Conservation

Notes from the Rio: "Spring Pulse" March 2019

Associate Director of Freshwater Conservation, Paul Tashjian, shares his thoughts and observations from the field

The ecology of the Rio Grande was born and bred on snowpack runoff. Historically each spring, melting snow in the mountains of the basin would swell the Rio onto its floodplain and drive river processes that led to the regeneration of Cottonwood trees, spawning of Silvery Minnow and the nesting of Southwestern Willow Flycatchers. Recent hydrologic analysis suggests that during most years this “spring pulse” would have made it all the way to the Gulf of Mexico, making the snowmelt pulse the primary ecologic driver for the Rio Grande. When you think Rio Grande think big-time flooding from mid-May into late-June: freshly scoured sand bars ripe for Cottonwood seedlings to germinate, Silvery Minnows spawning on mobile river bed sand dunes, song birds nesting in saturated backwater wetlands and sloughs.

Today the spring pulse has been muted by reservoir operations, irrigation diversions, groundwater pumping and the all-too daunting specter of climate change. For our beloved Rio Grande there are some silver linings to this story. For one, we are incredibly fortunate that Cochiti Reservoir is operated for flood control. Cochiti is the sole mainstem reservoir on the Rio Grande upstream of Elephant Butte Reservoir (excluding the Rio Chama reservoirs). Because of this, the reservoir basically passes water coming into it and this water benefits from many areas of natural snow melt run off, from Southern San Juan Mountains in Colorado, to the Sangre de Cristo Range of New Mexico. A spring pulse is still part of the hydrology of this part of the Rio Grande. Where Cochiti Reservoir has altered the downstream ecology of the Rio Grande through storing of sediment and the muting of very large floods, it would be a far more dire story had this reservoir been authorized to store water for later use for farms and cities; the spring pulse would be deleted from the equation rendering Rio Grande Silvery Minnow extinct, invasive plant species the norm, and an unrecognizable, invasive dominated ecology.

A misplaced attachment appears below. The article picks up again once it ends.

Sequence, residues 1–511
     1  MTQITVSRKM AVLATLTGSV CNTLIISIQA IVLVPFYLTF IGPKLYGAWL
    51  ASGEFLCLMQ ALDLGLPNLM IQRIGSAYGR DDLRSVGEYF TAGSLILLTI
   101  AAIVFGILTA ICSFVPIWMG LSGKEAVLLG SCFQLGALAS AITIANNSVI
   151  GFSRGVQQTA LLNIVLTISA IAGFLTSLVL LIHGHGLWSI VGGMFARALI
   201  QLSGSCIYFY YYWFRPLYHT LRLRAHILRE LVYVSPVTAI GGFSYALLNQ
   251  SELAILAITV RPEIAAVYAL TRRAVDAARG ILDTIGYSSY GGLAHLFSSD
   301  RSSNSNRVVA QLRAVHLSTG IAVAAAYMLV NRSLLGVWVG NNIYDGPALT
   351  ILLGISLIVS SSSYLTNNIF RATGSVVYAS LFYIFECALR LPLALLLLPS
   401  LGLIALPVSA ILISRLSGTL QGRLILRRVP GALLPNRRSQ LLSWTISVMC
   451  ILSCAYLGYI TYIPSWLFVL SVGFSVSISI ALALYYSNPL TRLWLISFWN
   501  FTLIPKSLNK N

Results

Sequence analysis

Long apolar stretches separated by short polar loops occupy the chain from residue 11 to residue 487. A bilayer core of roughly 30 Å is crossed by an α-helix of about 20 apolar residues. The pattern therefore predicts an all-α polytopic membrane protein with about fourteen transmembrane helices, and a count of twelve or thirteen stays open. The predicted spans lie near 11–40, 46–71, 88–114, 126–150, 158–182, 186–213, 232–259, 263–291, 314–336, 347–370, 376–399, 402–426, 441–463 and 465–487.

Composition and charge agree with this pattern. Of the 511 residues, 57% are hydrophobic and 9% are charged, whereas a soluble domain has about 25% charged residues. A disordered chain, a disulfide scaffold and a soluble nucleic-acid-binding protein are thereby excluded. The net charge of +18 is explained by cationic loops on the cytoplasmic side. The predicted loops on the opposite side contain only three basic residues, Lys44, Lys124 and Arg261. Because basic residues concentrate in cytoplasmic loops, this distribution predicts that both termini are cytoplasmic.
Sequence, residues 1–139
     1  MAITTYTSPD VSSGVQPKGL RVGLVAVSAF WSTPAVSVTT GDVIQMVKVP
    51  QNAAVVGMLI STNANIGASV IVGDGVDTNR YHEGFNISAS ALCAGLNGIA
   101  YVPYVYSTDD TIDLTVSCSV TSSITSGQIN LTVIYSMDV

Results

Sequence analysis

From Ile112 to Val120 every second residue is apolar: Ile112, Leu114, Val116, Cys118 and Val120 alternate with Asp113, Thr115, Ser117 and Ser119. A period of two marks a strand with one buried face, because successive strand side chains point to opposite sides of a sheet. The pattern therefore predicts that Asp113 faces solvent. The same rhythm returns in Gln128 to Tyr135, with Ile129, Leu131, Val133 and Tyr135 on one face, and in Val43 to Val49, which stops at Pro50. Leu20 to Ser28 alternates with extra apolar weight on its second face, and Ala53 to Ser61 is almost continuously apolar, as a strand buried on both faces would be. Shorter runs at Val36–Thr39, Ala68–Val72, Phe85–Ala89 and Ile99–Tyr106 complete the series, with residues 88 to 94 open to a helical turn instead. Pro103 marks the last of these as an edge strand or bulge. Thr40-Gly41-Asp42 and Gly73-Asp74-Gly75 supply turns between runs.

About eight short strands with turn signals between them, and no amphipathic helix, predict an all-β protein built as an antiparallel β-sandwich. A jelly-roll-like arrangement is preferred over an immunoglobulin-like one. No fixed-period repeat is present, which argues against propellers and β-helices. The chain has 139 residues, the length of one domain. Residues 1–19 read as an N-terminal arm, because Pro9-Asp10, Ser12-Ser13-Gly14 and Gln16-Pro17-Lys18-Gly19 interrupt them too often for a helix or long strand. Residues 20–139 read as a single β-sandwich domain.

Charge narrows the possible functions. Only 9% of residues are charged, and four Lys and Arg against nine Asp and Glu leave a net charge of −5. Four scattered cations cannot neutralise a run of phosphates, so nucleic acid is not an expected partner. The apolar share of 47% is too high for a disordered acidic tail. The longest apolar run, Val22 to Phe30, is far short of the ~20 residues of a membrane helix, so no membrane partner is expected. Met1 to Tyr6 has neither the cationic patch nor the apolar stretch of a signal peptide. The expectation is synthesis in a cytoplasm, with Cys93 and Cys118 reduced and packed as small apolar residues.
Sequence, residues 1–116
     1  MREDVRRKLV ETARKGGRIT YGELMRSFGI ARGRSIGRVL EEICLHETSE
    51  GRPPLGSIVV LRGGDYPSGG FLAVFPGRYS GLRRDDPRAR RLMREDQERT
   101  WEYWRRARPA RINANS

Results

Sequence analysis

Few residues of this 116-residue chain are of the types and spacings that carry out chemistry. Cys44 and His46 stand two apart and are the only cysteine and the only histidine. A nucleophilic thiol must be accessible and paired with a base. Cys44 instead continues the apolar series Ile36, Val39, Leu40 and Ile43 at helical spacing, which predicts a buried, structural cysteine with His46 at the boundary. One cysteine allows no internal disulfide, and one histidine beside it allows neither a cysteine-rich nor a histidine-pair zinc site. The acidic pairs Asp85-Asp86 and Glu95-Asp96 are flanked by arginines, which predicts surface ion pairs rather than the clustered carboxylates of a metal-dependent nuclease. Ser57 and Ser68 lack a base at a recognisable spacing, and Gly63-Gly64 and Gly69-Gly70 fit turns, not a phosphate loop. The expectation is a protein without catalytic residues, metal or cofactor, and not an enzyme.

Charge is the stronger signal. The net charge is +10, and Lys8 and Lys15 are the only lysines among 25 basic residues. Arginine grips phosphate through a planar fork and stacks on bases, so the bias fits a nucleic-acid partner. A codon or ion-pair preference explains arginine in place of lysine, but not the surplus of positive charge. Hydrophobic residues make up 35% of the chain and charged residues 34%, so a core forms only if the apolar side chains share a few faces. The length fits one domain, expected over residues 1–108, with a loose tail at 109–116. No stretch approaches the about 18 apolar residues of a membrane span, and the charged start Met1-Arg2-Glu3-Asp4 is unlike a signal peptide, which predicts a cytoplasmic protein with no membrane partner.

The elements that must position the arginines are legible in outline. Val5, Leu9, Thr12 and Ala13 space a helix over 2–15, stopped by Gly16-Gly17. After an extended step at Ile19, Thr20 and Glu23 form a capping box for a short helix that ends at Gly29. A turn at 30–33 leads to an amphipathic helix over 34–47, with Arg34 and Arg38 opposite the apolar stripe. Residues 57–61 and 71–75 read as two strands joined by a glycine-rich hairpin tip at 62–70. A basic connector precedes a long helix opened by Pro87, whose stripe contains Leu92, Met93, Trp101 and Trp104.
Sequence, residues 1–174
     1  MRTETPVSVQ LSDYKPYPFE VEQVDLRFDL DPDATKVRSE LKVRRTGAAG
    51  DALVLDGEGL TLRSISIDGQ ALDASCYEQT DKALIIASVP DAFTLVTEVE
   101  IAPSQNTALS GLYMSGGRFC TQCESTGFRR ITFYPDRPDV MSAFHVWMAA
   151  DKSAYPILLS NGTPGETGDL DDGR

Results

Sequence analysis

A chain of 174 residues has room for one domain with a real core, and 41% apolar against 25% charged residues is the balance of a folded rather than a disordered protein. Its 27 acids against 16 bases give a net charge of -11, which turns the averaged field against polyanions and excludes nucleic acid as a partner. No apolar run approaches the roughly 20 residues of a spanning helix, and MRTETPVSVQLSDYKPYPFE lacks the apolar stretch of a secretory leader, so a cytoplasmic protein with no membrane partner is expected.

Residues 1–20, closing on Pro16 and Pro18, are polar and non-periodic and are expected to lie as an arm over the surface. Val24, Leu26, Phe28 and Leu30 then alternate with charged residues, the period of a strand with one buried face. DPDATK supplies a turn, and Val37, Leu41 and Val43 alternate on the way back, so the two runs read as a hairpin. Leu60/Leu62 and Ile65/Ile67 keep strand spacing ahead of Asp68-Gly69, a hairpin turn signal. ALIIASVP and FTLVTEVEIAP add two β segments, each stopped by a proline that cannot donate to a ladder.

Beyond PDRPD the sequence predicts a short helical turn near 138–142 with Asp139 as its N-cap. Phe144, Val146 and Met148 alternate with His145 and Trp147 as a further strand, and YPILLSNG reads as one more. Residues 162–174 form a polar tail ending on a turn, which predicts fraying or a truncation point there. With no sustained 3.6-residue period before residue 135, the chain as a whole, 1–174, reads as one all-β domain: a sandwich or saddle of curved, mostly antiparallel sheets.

As of the writing of this article in early March, snowpack water content in the Rio Grande basin is averaging between 100 and 120% of the “average” condition for this time of year. Average, like all climatic variables, is based on the previous 3 decades, in this case the period 1981-2010. You can access the latest snowpack data here.  Given that that this period includes 2 decades of the past century’s wettest years (1978-1998) alongside one decade of the driest (1999-2010), this amount of snow in our watershed is a very good thing and certainly a whole lot better than last year at this time when we were hovering around 25% of average. We’ll take it—beggars can’t be choosers!

We can expect a spring pulse moving through the Rio Grande in New Mexico this spring, and this increase in water and erosion will trigger vital native ecologic processes. Today, these type of processes occur, for the most part, close to the river—on islands and bars. There are limited areas where the floodplain of the Rio Grande receives flood water anymore, primarily south of Socorro and within a few spots between Isleta and San Acacia. However, the fact that these processes remain on different scales throughout the corridor is our Rio’s hope for a vibrant future. There is much activity and opportunity to enhance these processes through connecting floodplain surfaces to modern floods, tweaking up stream reservoir operations to maximize the pulse’s magnitude and timing, delivering water to mimic flooding on historic floodplain areas, and ensuring farming communities stay verdant. This last one deserves emphasis; by ensuring that farming communities stay vibrant, we will ensure that there is a certain amount of water remaining in our Rio Grande’s channel and floodplain. As we move forward into the increasingly perilous times of drought and uncertainty, an alliance between farmers and environmentalists is essential. More ruminations and examples of this to come.

And here you have my notes from the Rio for this March of 2019. Stay tuned for more stories, reflections, and techy-info as Audubon New Mexico engages with partners up and down the Rio Grande towards a more resilient future. Feel free to e-mail me with any questions, thoughts or ideas ptashjian@audubon.org.

Happy snow-melt runoff!

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